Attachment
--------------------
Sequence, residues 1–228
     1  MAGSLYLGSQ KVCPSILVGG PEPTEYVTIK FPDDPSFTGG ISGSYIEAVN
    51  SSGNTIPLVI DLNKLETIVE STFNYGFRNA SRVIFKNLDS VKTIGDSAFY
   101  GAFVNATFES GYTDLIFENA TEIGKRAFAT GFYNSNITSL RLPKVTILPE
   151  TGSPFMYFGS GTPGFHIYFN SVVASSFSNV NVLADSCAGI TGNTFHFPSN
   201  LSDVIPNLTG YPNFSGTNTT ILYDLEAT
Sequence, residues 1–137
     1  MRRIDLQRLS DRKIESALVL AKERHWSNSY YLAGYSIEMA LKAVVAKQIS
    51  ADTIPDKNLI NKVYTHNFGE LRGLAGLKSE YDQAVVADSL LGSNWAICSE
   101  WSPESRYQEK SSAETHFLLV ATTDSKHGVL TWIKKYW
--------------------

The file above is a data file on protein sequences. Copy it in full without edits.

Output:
Sequence, residues 1–228
     1  MAGSLYLGSQ KVCPSILVGG PEPTEYVTIK FPDDPSFTGG ISGSYIEAVN
    51  SSGNTIPLVI DLNKLETIVE STFNYGFRNA SRVIFKNLDS VKTIGDSAFY
   101  GAFVNATFES GYTDLIFENA TEIGKRAFAT GFYNSNITSL RLPKVTILPE
   151  TGSPFMYFGS GTPGFHIYFN SVVASSFSNV NVLADSCAGI TGNTFHFPSN
   201  LSDVIPNLTG YPNFSGTNTT ILYDLEAT
Sequence, residues 1–137
     1  MRRIDLQRLS DRKIESALVL AKERHWSNSY YLAGYSIEMA LKAVVAKQIS
    51  ADTIPDKNLI NKVYTHNFGE LRGLAGLKSE YDQAVVADSL LGSNWAICSE
   101  WSPESRYQEK SSAETHFLLV ATTDSKHGVL TWIKKYW